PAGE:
As I noted earlier, those new rotary steerable systems utilised a wide variety of concepts, but eventually the market focused on two key concepts, each a subset of a broader concept, that proved more successful than all the others. This is not unusual. A study published for the UK’s Open University in 1983 by Robin Roy looked at the evolution of pedal cycles from their invention in the early 19th century. It shows how, in early years, there were many different designs of cycle with one, two or sometimes three wheels. Even the two-wheeled designs came in many different forms: think of the famous “penny-farthing” as an example of a bicycle design that did not last. By the 1890’s, more than seventy years after the first pedal cycle was invented, the industry settled mostly on the two-wheeled, diamond-framed bicycle that is familiar to us today. It seems that even if multiple inventors try to address the same need at the same time, the manifestation of their ideas can be subtly different, and survival of the fittest concept can take a decade or two to shake out.

I recently attended Pivot 2021, an excellent online conference designed to bring opportunities in geothermal energy to the attention of the oil and gas industry – and Pivot proved to be very successful at doing just that. There were a lot of takeaways from the conference but one thing that particularly struck me was the wide range of different solutions that are being proposed for enhanced and advanced geothermal systems – systems designed for extracting heat from hot, dry rocks as opposed to the more traditional hydrothermal wells that seek out hot water and steam. Lots of different concepts, just like with bicycles and rotary steerable systems in earlier times. These systems meet a pressing need: low greenhouse gas energy with high capacity (always available) and which can be created anywhere, thereby avoiding grid congestion. And the wide range of different concepts that are being independently and simultaneously proposed suggests that now is the time for geothermal wells in hot dry rocks.

Whichever concepts prevail, they are very likely to need high temperature directional drilling and measurements. With the team at Hephae Energy Technology, I’m working to develop the high temperature electronics needed to create those drilling tools. People tried to do this twenty years ago, ten years ago, and failed. What makes us think that we will succeed now? Well, advances in the technologies required to build high temperature components, and the demands of the space industry pushing the temperature envelope for electronics, mean that, unlike a decade or two ago, those high temperature electronics now inhabit the “adjacent possible”.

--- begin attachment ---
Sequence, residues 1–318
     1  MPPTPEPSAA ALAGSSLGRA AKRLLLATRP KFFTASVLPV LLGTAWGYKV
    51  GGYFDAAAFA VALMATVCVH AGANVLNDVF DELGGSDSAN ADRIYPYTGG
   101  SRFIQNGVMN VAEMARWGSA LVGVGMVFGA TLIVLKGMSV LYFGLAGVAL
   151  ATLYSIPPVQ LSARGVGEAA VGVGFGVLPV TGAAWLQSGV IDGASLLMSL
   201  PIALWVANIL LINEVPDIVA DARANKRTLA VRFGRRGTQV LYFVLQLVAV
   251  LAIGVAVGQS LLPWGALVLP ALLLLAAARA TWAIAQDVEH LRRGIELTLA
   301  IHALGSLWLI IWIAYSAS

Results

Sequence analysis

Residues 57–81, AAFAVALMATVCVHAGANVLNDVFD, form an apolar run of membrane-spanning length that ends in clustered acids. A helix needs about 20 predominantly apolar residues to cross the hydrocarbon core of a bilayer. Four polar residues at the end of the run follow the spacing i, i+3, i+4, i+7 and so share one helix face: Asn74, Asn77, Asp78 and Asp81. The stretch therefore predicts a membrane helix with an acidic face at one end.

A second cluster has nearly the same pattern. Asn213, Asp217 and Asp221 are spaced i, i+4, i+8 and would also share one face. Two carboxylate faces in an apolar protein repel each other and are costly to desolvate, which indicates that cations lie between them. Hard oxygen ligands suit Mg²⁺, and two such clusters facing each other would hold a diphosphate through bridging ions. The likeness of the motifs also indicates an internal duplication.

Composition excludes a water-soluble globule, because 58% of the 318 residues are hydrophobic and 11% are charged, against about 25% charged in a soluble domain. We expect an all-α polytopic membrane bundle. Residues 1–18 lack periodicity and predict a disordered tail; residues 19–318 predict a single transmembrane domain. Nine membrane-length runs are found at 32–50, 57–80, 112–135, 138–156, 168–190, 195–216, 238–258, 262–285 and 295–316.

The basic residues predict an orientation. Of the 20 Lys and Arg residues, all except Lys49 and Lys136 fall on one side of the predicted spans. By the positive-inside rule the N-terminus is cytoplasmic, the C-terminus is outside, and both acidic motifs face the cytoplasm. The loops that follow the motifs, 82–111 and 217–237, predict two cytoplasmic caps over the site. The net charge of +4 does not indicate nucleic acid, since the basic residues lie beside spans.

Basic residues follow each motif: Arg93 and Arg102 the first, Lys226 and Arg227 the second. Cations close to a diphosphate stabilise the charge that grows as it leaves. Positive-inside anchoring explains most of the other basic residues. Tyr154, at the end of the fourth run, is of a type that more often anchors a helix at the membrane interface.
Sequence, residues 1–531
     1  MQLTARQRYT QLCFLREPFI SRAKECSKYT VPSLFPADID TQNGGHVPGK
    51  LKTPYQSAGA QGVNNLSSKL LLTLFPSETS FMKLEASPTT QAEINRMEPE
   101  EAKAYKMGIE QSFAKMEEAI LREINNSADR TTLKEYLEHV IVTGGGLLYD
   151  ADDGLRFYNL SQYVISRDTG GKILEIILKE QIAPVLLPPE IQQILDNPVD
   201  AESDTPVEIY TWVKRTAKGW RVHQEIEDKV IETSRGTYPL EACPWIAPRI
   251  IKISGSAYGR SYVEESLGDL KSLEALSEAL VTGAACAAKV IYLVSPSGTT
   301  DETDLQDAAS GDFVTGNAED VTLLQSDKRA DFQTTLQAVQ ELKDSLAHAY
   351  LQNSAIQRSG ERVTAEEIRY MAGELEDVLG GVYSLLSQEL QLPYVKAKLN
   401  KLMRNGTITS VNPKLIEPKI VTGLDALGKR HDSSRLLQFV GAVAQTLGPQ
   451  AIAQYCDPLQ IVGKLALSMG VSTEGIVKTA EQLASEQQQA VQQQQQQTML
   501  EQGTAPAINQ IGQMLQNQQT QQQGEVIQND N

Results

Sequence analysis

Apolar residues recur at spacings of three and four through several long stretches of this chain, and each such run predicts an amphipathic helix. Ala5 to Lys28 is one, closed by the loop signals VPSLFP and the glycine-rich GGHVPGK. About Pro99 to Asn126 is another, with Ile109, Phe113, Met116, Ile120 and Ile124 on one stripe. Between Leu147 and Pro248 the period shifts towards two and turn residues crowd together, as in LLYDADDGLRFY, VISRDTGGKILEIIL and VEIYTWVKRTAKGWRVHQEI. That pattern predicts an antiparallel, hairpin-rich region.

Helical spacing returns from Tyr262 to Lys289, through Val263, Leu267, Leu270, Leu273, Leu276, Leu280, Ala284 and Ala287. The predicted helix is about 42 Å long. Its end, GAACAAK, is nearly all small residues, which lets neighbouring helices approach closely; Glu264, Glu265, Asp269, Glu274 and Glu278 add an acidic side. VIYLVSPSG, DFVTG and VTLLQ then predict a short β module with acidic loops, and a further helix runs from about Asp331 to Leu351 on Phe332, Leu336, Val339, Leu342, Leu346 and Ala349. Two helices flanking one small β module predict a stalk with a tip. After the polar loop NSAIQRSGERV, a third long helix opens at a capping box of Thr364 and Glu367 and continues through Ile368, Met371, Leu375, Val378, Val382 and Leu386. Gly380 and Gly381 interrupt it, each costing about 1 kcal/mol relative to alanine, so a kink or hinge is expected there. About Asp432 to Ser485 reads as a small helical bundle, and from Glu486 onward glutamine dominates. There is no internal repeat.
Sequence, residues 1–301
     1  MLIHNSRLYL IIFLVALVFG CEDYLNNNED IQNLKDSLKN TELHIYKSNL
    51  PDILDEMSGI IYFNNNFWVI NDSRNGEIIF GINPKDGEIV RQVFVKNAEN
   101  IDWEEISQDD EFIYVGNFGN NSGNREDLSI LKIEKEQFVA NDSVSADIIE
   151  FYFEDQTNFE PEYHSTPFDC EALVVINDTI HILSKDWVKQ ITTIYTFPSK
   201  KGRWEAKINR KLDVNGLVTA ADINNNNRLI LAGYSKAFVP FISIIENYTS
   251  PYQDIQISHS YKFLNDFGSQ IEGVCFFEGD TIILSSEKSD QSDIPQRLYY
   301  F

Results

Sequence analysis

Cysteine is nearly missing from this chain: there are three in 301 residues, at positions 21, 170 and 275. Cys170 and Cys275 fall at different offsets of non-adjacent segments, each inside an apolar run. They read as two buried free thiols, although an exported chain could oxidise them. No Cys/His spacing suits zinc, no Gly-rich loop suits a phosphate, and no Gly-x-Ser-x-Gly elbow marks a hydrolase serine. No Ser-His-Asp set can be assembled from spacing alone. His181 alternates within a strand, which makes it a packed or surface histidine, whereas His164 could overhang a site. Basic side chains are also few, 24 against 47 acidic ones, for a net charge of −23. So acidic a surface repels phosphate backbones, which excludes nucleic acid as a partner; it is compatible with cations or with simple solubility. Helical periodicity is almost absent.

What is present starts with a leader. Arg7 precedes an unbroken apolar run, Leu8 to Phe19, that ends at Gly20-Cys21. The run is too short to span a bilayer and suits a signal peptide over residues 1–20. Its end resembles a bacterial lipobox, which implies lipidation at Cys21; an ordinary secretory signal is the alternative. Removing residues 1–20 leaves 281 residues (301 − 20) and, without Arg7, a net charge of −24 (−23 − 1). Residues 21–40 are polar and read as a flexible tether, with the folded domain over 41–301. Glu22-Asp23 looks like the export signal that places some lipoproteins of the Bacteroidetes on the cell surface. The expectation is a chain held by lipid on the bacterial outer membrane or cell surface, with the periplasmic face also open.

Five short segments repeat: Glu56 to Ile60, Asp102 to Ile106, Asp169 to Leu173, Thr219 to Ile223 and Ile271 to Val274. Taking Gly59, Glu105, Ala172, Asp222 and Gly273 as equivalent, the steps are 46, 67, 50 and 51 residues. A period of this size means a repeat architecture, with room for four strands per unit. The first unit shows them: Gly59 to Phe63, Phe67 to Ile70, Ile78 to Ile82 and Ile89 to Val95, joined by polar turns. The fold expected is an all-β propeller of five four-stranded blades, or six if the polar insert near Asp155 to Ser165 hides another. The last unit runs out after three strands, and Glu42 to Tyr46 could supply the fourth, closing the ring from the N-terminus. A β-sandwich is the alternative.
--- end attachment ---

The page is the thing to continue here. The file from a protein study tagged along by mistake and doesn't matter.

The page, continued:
I believe that geothermal systems for hot, dry rocks and the high temperature directional drilling and measurement systems that will enable them are no longer “ahead of their time”. They will be driven by clear and present needs and they can now tap into the technologies they will need for success. It’s time!


  1. There’s always a right time to develop new technological solutions – neither too early nor too late.
  2. If you’re too early, you will fail because you’ll be “ahead of your time”.
  3. If you’re too late, you will fail because others will beat you to it.
  4. Getting the timing right depends on adjacent technologies and scientific discovery becoming available, and matching emerging needs.
  5. Once these needs, technologies and discoveries become apparent new solutions can and will be developed.
  6. Often, multiple inventors will see these opportunities to develop new solutions at the same time and as a result it’s not unusual for the same invention to appear simultaneously in different locations.
  7. For enhanced and advanced geothermal installations, and the high temperature drilling systems that will enable them, it’s time!

Further Reading

Clegg, J. (2021). Strategy and Innovation for a Changing World – Part 1: Sustainability Through Value Creation. Kibworth: Matador.

Johnson, S. (2010). Where Good Ideas Come From. New York: Penguin.

Ogburn, W., & Thomas, D. (1922). Are Inventions Inevitable? A Note on Social Evolution. Political Science Quarterly, 37 (1), 83-98. https://www.jstor.org/stable/2142320

(2021, July). Pivot2021 – Geothermal. Reimagined. https://www.youtube.com/channel/UCx5FK2EQ2me2hHAXMOA08SQ/videos

Roy, R. (1983). Design Processes and Products: Block 2 Bicycles, Invention and Innovation. Milton Keynes: The Open University.

This content was originally posted on johnmclegg.com on 30 July 2021 

Image © Wirestock – stock.adobe.com

It’s Time